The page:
Dr C./5 Year Eve EP

  • Alias &Tarsier
  • Anticon
  • 2006-04-03

After an effective collaboration with his brother Ehren on Lillian, Alias releases this 12” taster of work from the soon-to-be-released album of his newest collaborative work — this time with vocalist Tarsier (of Heelamonster and Tarsier fame). Concurrently with his native Anticon label, Alias moves further away from hip-hop on this release, the result being a relaxed slice of electronica/lo-fi dance recalling Lamb or Bjork, or his work with the Notwist’s Markus Archer.

Tarsier has a strong kind of ethereal vocal which lends itself perfectly to the glitchy, swelling atmospherics of both tracks and Alias offers some interesting beats, constantly twisting and clipping and never grounding themselves too heavily. “Dr.C” offers a catchy vocal-melody and guitar work from Telephone Jim Jesus but there’s something lacking. It just doesn’t do anything too interesting. It’s almost too harmless and relaxing and upbeat, which will work fine for a background mood and playing in certain situations but it doesn’t seem strong enough to demand full attention.

“Dr.C” offers a catchy vocal-melody and guitar work from Telephone Jim Jesus but there’s something lacking.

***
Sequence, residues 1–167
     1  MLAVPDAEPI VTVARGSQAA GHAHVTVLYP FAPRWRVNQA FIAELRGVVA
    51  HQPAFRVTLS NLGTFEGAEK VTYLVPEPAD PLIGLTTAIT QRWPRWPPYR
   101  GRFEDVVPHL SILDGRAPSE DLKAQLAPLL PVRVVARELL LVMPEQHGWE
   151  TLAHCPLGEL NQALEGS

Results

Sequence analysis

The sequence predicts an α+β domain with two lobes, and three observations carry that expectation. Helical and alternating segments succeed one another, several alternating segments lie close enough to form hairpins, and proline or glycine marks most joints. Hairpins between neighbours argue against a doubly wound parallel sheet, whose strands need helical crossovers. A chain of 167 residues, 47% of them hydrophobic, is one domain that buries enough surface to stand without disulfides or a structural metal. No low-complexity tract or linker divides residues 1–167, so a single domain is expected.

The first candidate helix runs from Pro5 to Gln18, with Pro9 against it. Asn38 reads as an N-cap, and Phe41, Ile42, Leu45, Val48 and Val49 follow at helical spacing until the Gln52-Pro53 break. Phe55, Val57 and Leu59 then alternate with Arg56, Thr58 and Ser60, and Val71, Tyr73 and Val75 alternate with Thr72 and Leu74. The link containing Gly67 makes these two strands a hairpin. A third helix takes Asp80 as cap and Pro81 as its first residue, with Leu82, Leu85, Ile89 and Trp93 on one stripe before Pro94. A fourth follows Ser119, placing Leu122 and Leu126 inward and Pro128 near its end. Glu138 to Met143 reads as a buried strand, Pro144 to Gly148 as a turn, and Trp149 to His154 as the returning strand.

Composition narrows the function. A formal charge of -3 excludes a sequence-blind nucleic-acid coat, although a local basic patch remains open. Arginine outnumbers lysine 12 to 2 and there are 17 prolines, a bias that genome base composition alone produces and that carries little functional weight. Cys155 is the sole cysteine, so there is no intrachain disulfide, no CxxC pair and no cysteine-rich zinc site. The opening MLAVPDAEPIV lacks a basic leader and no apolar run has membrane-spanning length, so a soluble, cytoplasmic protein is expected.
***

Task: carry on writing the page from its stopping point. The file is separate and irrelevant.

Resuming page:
Strangely enough even though Tarsier’s vocals are quite effective, the song almost works better as an instrumental (also included on the record) suggesting that the vocals just turn the song tamer. A remix of “Dr.C” from Tarsier’s usual partners Heelamonster offers an interesting, explorative version, which rivals the instrumental as the better version of the track.

Similarly with B-side lead “5 Year Eve”, the vocal-less version is a winner, although this track is darker, and generally offers more strength than its A-side companion. The addition of propminent Cello, played by Tarsier’s friend Kirsten McCord (from Thurston Moore’s Ecstatic Peace label) helps add to the mood, a similarly floating and atmosperic one as with “Dr.C” but more effective and offering more hook in, or perhaps just something more interesting and less of a tame wash of sound. Both Alias and Tarsier’s work here is solid but compared to their previous releases its just a little dissappointing. Here’s hoping that upcoming full-length Brooklyn/Oakland, from which work here is taken, offers a bit more.

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